And Bradley Cooper does a solid job portraying him, and not just because he gained so much weight and beefed up quite impressively. He's almost unrecognizable with his new thick neck. He's very convincing as a purebred Texan who loves to hunt. It's the writing, not the acting, that gives this film its weakness. A flashback involving supposed words of wisdom from Chris's father over the dinner table is a little corny.

The battle scenes are plentiful but not excessive given the subject matter, and are well staged. This is what might make it worth seeing, as Eastwood manages to sustain tension and suspense in these sequences even though, as a true story, Chris's fate is a matter of public record. The portrayal of that fate, which comes out of left field where you least expect it, is the makings of an awkwardly abrupt ending. But there is a certain finesse to the unfolding of the story up to that point.

This film has a fair amount in common with The Hurt Locker, which was also about a military man with a specific skill that he locked onto and then struggled to re-integrate back home. In short, American Sniper has nothing new to offer, really, except new faces dealing with the same issues others dealt with before them. But original or not, the story is told well.

Bradley Cooper is the gifted Texan in AMERICAN SNIPER.

Overall: B
1 comment or Leave a comment
From: (Anonymous) Date: January 19th, 2015 08:07 am (UTC) (Link)
Nice review and I agree about the abrupt ending I admit I didn't know much about Kyle in fact I knew nothing until I heard from a friend of mine he is not a fan of Kyle and shared with me about a fun in with Jessie Ventura and Ventura sued Kyle and won I didn't hear about anything in the movie about that. I think this kyle guy was not liked by a lot of people. His father made sure that this movie was made to honor him for the hero that he was. So none of what I know is factual.. But it has made me curious enough to start checking it out. I didn't even know he was killed by a veteran that he was helping. I do appreciate your review/ critics. I don't watch many war movies and not sure why this one drew me to the theater other than I like Clint Eastwood's work and his effective minimalist way to story tell. Of course Bradley cooper isn't bad to watch either!! I will read the book and find out more about the guy. Even though u thought beginning with his father was a little corney it was just meant to set the stage and give a background of his childhood and the influence his father had in the idealistic patriotic ways that were taught to his sons. His brother didn't seem to adopt any of those ideas and the movies made him out to be horribly effected by the war! The weaker vessel so to speak. Over all I was totally entertained but I thought the wife was a whiney pain in the ass!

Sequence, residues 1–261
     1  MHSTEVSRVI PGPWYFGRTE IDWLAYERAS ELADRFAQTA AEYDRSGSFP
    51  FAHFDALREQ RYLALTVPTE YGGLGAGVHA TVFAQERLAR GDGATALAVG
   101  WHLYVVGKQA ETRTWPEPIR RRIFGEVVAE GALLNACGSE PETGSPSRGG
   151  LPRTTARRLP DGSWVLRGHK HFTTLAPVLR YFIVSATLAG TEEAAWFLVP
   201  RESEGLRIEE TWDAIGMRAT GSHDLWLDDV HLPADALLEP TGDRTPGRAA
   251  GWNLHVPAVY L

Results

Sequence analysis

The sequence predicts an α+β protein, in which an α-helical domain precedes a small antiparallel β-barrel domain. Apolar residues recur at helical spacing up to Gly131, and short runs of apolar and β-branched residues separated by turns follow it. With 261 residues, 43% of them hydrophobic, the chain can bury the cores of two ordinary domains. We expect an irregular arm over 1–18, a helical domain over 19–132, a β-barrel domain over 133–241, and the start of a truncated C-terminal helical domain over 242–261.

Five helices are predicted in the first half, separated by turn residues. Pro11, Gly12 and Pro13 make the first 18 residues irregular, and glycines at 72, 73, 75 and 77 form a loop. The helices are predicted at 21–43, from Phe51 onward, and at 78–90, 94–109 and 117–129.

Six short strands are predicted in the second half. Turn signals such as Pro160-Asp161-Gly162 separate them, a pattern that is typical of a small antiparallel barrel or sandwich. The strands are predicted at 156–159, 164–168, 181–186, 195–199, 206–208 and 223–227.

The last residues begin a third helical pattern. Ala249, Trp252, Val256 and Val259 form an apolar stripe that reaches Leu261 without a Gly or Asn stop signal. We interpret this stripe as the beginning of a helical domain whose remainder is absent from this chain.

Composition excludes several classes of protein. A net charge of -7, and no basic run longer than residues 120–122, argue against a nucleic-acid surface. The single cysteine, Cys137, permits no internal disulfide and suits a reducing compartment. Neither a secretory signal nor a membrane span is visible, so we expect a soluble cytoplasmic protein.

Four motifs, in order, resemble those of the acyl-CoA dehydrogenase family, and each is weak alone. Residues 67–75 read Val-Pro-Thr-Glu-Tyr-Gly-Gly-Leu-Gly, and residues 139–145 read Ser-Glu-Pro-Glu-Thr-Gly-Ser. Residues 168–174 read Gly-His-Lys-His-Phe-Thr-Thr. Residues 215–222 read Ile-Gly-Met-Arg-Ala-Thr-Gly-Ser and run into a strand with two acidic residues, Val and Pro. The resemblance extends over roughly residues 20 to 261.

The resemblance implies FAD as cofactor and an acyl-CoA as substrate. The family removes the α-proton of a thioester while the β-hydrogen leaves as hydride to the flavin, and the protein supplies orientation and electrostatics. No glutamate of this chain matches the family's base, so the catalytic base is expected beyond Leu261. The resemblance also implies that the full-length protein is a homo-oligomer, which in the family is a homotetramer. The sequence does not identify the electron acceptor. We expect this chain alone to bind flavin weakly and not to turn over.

1 comment or Leave a comment